Everyone worships differently. This is a truth that is hard and fast—regardless of whether you worship within organized religion, view the world through agnostic eyes, but find yourself worshipful of nature, or the perfect souffle, or the perfect powder day. These days, leading up to Rosh HaShana, the Jewish New Year, I find myself contemplating my relationship to G-d and to organized religion. I’ve always been “all-in,” and had a strong social investment in the Jewish community, even serving on the board of my synagogue. And I’ve relied upon the social conventions that Judiasm affords–a way to spell G-d. A way to comprehend life’s blessings and tragedies.
Today, as I contemplate paying a shiva call when my cousin and his wife return from the burial of her mother, I am thinking of what the ritual of a lay-led (likely by me, maybe by my cousin) minyan will look like to their friends from other faith backgrounds. I am taken back to the first time I led a shiva minayan, for my best friend’s grandfather, Poppy, who was a special friend to me, and whose memory I very much wanted to honor. I wanted to do that, mainly, because it was a way to comfort my friend–who had a magical connection to Poppy. And there were, in our teens, no words for grief. Just a visceral understanding of loss.
We worship in a foreign language—Hebrew. But for some people, any worship is a foreign language. And for some, it’s because they have special needs, and their abilities don’t conform to the typical worship setup.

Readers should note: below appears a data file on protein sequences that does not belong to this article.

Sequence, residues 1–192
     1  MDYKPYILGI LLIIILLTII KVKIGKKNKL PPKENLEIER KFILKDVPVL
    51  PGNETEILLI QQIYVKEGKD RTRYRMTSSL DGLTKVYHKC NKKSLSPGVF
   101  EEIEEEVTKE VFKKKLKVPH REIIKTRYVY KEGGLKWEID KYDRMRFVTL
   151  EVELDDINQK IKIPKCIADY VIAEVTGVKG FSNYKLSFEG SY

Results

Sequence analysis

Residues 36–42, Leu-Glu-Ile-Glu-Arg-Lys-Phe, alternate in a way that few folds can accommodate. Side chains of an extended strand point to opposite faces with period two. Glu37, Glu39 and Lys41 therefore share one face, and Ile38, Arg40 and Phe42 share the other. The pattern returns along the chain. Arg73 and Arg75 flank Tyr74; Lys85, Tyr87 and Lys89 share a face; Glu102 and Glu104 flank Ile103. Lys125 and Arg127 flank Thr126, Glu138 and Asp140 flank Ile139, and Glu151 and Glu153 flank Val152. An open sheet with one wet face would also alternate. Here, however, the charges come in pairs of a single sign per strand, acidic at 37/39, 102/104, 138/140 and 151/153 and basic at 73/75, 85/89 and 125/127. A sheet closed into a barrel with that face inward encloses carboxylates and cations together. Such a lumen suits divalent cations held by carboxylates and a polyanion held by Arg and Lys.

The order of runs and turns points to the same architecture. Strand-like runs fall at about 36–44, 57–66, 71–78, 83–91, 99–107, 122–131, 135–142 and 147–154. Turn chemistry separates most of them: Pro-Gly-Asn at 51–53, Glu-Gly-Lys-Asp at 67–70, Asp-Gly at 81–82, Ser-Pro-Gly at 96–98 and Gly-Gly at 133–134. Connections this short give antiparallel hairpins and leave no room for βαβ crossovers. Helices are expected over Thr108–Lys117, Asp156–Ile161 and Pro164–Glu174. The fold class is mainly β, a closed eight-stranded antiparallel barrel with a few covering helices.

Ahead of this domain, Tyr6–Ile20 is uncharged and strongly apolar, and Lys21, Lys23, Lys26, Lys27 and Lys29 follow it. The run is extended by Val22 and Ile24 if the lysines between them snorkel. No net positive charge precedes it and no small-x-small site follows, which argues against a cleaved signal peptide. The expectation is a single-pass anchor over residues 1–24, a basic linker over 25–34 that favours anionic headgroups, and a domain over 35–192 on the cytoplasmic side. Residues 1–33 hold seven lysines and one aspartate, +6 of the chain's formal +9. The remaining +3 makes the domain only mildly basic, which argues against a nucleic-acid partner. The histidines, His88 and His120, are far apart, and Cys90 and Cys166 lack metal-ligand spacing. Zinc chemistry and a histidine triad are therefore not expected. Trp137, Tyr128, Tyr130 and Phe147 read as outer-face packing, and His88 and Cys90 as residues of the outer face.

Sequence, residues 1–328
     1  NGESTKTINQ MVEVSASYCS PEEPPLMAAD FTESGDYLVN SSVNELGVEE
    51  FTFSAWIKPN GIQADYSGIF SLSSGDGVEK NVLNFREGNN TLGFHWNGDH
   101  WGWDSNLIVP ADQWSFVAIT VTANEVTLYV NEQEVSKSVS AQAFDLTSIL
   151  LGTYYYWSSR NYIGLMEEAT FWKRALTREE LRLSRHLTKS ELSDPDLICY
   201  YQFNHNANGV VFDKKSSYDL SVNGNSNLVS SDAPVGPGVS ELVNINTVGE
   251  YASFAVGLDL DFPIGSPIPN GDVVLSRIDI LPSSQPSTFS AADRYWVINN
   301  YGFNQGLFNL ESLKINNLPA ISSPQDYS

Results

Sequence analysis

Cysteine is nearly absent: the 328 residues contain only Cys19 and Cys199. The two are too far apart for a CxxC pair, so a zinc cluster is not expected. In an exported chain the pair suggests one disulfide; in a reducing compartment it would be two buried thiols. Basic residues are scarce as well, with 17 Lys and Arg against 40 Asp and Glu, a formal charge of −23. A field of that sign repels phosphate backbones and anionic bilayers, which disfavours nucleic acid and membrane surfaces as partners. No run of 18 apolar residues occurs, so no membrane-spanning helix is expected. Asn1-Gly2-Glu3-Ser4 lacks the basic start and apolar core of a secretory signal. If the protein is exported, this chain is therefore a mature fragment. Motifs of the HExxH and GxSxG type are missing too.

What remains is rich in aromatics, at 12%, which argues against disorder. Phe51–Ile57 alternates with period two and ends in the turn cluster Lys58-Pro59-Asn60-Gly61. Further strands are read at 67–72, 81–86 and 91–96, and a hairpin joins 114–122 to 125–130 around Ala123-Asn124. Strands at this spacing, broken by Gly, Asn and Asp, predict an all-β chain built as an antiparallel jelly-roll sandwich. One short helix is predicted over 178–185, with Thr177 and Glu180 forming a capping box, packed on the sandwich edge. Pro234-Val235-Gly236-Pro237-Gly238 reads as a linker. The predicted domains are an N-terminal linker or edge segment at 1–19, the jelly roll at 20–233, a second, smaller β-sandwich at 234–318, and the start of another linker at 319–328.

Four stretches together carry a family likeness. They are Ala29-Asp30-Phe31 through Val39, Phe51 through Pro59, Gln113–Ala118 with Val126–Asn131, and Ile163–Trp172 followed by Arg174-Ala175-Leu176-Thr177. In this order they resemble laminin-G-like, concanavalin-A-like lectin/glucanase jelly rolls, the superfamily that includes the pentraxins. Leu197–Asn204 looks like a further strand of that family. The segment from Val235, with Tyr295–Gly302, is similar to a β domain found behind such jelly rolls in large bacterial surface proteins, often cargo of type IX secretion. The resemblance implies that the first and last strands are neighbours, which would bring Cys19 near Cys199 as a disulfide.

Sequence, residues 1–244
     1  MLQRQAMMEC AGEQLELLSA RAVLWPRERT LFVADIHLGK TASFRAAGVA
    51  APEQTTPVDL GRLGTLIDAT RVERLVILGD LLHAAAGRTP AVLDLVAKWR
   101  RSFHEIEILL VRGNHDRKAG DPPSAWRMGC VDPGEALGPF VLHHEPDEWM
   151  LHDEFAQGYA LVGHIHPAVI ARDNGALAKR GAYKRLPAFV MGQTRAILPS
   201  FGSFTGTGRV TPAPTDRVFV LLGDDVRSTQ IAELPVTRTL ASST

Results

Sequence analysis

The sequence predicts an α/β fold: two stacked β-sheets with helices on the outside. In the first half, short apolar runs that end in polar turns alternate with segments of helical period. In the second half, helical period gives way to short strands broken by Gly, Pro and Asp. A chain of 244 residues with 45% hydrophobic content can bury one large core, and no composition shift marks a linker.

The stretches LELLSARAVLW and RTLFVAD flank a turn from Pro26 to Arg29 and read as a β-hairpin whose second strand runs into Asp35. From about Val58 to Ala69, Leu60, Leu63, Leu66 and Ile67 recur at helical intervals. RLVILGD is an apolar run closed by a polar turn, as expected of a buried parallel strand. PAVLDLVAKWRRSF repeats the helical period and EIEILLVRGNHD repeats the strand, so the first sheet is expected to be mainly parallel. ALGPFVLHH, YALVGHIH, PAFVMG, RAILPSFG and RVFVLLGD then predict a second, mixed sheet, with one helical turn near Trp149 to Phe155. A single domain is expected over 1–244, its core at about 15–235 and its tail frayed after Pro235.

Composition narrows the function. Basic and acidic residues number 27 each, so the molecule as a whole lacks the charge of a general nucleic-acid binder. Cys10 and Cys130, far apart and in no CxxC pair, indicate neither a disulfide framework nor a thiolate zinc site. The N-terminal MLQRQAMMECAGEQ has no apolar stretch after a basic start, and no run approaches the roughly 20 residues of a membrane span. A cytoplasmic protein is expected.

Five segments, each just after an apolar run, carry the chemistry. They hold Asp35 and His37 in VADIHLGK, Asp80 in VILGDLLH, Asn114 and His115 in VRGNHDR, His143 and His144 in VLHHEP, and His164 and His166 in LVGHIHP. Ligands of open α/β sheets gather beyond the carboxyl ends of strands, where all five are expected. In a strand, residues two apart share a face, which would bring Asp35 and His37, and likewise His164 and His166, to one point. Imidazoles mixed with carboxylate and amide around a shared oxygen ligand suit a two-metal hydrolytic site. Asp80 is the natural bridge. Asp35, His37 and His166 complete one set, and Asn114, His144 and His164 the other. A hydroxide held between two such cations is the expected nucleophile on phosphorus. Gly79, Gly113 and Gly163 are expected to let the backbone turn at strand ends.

The very same friend whose grandfather’s shiva service I once led is someone who finds ways to decode Judiasm, in particular, for kids with special needs. And I thought of her as I read my friend Ellen’s blog today. She wrote of what it’s like to consider worship with Max, her special-powers kid.
And all I could think was, Ellen! Go to Brookline! Check out Gateways: Access to Jewish Education!
And I wanted to say it in public—because I think we can all benefit from knowing about the challenges presented in special-needs education in a religious setting, and the advances groups like Gateways are making. A place where, basically, it doesn’t matter if you spell G-d any special way—Gateways gives kids the means to figure it out on their own terms.
However we feel about G-d, however we feel about observing holidays, I will find some comfort in having a pro-forma way to communicate my sympathy to my cousin, his wife, their daughter. In some ways, organized religion allows those of us who don’t always know “the right thing to do” the space to figure it out, the structure to follow, so that the love can be shared, multiplied. Oh, yes, and we bring food. I had to organize a Signup Genius to corral the edible well-wishes that all of my cousins’ friends want to bring.
I’ll ask this: Where do you worship? What does ritual mean to you? How do you spell G-d? What needs do you wish your family’s congregation met? From special to spectacular, I’d love to hear about it….